Wednesday, August 13, 2014


Environmental Studies/PHS 100A
Warner Pacific
August 7, 2014

While I was doing research for this paper it crossed my mind how many near misses of disasters I have been in; this lead to wondering if there was an increase in disasters or not. In 1979 I was with the US Army stationed in Leavenworth, Kansas-right in the midst of what is nicknamed “Tornado Alley”, 1980 saw me getting married in Lakewood, Washington 2 weeks after Mt. St. Helen’s blew, 1989 was a year that a 6.7 earthquake happened in Los Angeles while I was living in San Diego, and just recently I was living in Florida for 2 years 2012-2013 during hurricane season. Thankfully I was not hurt in any of these, but just on the fringe where I got the effects of each disaster, but not the trauma of it.

             Disasters are split into three different categories:
·      Geophysical-earthquakes, volcanoes, rock falls, landslides & avalanches.
·      Climate related-floods, storm surge & coastal flooding.
·      Meteorological-storms, tropical cyclones, local storms, heat/cold waves, drought & wildfires.
“According to the New England Journal of Medicine, the scale of disasters has expanded, owing to increased rates of urbanization, deforestation, environmental degradation and to intensifying climate variable, such as higher temperatures, extreme precipitation and more violent wind/water storms”.  (Steady Increase in….. 2013, November 15). An article in Epic Disasters says, there is not an increase in disasters, it’s basically that our monitoring equipment has gotten better and more sensitive It pointed out in 1920 there were 500, 00 people living on the Florida coast whereas now there is 13 million. In 1925 there were 625 casualties from a tornado compared to the 22 deaths in 2005.  In 1931 there were 350 seismograph and now there is 8,000 stations detecting earthquakes. And, of course the media and communications systems have improved alongside the detecting systems.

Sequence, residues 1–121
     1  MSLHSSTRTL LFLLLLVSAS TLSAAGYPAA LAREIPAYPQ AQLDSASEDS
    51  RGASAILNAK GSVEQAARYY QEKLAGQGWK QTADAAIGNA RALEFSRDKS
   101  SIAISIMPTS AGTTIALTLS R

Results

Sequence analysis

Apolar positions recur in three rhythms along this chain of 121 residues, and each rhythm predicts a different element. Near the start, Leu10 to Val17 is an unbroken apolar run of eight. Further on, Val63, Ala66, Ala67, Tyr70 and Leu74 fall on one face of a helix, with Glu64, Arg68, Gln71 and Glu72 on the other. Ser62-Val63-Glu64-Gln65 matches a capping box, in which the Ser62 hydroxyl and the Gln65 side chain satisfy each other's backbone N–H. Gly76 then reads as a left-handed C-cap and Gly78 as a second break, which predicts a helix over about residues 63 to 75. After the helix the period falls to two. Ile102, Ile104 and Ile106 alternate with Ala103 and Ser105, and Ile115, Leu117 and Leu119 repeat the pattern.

The Trumpet reports, “The evidence of natural disasters has risen dramatically over the past 20 years. To close observers of current events in relation to both History and Bible prophecy, this is no mere coincidence.  What muddies the water as soon as Bible prophecy is mentioned in relation to natural disasters is the fact that there is a literal abundance of kooks, screwballs and fanatics out there who instantly seize on the latest catastrophe to declare “the end is nigh” (Fraser, R. 2010, March 3). Bible prophecies speak of the world reaching a time when catastrophic events that were once delayed would be fulfilled for a greater purpose. The events were predestined to allow a greater purpose to happen. It is all just a matter of perception then?

Image below courtesy of EM-DAT International Disaster Database, Center for Research on Epidemiology of Disasters, University of Louvain.


Epic Disasters: The World's Worst Disasters. (2009, January 1). Retrieved from

Fraser, R. (2010, March 3). Why Have Natural Disasters Increased? Retrieved from

Steady Increase in Climate Related Natural Disasters. (2013, November 15). Retrieved from

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